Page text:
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Jamaica’s giants of track and field


THOUGH THE 50-member team didn’t deliver the 12-medal haul predicted, Jamaica did very well at the 13th IAAF World Championships in Athletics, hosted by the South Korean city of Daegu.

Individual wins for Yohan Blake, Veronica Campbell-Brown and Usain Bolt led the way, with a silver medal effort by Melaine Walker not far off the pace. Campbell-Brown left Daegu with three medals – one gold and two silver – and approximately US$98,000 in prize money to be Jamaica’s top female performer.

After being a close second in the 100 metres, VCB took the 200m in 22.22 seconds to gain one of the last two major titles that have slipped through her grasp.

The Olympic 100m crown is the only major she hasn’t won in a senior career that began with relay silver in 2000.

Her Korean endeavours ended with another 4x100m relay silver. A cautious final exchange sent her off in pursuit of 100m winner Carmelita Jeter of the USA.

Campbell-Brown chased in vain but carried Jamaica to a national record time of 41.70 with Jeter and the Americans clear at 41.56 seconds.

No official splits are available but this writer timed VCB and Jeter in 9.9 and 10 seconds flat, respectively.
As a benchmark, those figures can be compared to the 9.83 anchor hustled by Ottey at the 1996 Olympics.

Kerron Stewart – 100m/200m, Sherone Simpson – 200m, Kaliese Spencer – 400m hurdles, Shericka Williams – 400m, Novlene Williams-Mills – 400m and Kenia Sinclair – 800m also made their respective finals but none came close to Walker’s silver medal achievement.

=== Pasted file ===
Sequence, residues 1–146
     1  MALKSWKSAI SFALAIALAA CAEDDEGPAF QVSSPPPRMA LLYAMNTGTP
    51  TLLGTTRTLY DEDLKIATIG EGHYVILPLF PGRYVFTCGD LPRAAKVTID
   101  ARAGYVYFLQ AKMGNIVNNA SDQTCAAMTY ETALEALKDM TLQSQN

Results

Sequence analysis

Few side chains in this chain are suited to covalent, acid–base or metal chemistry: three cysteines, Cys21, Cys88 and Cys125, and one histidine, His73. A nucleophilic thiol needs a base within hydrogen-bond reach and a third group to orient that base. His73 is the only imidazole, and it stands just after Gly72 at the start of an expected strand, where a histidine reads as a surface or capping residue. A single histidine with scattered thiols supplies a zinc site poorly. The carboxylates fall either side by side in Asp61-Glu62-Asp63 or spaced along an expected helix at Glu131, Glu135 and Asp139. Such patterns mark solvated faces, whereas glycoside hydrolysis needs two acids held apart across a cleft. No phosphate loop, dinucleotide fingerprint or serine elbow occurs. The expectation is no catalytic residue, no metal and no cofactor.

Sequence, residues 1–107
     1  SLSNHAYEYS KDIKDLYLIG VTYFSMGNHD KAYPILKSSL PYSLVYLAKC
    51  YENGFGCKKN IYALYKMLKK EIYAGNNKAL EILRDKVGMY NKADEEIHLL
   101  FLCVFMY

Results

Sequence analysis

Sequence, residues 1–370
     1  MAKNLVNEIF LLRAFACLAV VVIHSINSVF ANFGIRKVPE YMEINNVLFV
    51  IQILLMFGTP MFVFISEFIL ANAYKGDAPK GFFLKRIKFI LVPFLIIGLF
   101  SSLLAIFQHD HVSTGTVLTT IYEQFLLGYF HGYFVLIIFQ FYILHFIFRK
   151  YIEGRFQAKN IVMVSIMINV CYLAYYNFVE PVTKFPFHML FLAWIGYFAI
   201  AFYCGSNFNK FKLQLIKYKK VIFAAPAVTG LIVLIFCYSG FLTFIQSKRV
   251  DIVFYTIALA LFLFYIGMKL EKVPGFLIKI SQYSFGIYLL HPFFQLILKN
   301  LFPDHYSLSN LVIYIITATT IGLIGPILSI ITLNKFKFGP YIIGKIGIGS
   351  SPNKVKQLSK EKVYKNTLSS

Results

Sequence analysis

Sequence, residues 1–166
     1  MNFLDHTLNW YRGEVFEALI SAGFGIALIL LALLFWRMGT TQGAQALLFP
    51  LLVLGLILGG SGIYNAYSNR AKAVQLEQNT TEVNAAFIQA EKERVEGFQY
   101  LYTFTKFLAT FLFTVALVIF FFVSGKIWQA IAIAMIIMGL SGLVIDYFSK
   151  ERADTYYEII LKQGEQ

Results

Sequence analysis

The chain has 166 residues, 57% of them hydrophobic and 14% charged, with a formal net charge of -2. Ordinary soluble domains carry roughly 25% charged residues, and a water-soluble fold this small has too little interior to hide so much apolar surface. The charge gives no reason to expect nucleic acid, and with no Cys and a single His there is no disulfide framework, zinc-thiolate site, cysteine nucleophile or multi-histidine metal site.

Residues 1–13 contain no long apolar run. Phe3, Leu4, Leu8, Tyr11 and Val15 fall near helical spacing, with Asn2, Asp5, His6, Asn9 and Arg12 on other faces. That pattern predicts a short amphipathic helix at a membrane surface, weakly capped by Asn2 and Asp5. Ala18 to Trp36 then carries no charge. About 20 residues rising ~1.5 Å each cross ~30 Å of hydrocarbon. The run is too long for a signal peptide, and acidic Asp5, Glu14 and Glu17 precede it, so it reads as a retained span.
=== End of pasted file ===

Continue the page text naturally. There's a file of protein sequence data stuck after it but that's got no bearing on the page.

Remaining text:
To the eye, it was a superb display of pace judgement. On the clock, it was the third fastest of Walker’s great career, her third trip below the 53 seconds barrier and the third fastest ever by a Jamaican.

Williams deserves some credit too. Far out of the top ten on performances this year, the Olympic and world silver medallist set a seasonal best to get to the 400m final and blasted to a 49.22 second anchor leg – the fastest of the meet – to cap the national record run in the women’s 4x400m final. Bolt and Blake left Daegu with two gold medals apiece, US$60,000 each for their individual wins and equal shares of the prize money for winning and setting a 4x100m relay world record. That could amount to over US$100,000.


The 21 year-old Blake kept his cool in the mayhem that arose after Bolt’s false start in the 100m and grabbed the gold.
Had a persistent opposing wind disappeared, his time of 9.92 seconds would have been under 9.9. As proof, he set a personal best of 9.82 in windless conditions a week later in Zurich.

Even that performance wouldn’t have counterbalanced Bolt’s monumental run in the 200 metres.

While 9.82 is the joint 27th fastest time in the history of the 100m, Bolt blasted home in 19.40 seconds. Only world records by the man himself and 1996 Olympic champion Michael Johnson are faster.

MONUMENTAL: Bolt's 200m performance

By comparison, the best time by 2007 world champion Tyson Gay, history’s third fastest 200 metres man, is 19.58 seconds. Xavier Carter, Wallace Spearmon, Frank Fredericks and Daegu runner-up Walter Dix are at 19.63, 19.65, 19.68 and 19.69 respectively. That gives Bolt the edge and made him Jamaica’s top man in Daegu.

Blake was great on the third leg of the 4x100m where Bolt ran a storming anchor leg to finish a run started by Nesta Carter and Michael Frater. Jamaica now has the three fastest times ever run in the event.

Carter, 400m runner Jermaine Gonzales and Dwight Thomas, all reached their respective finals, though Carter was affected by cramp in the 100m final. Sadly, a hamstring bother stopped Thomas early in the 110 metres hurdles final. Who was Jamaica’s MVP in Daegu – VCB or Bolt? VCB won more medals but Bolt’s medals were both golden and were obtained by marvellous performances.

Narrow it down to their individual events and the medal count is 2-1 to Veronica. That probably is the only way to divide these two giants of Jamaica’s track and field.

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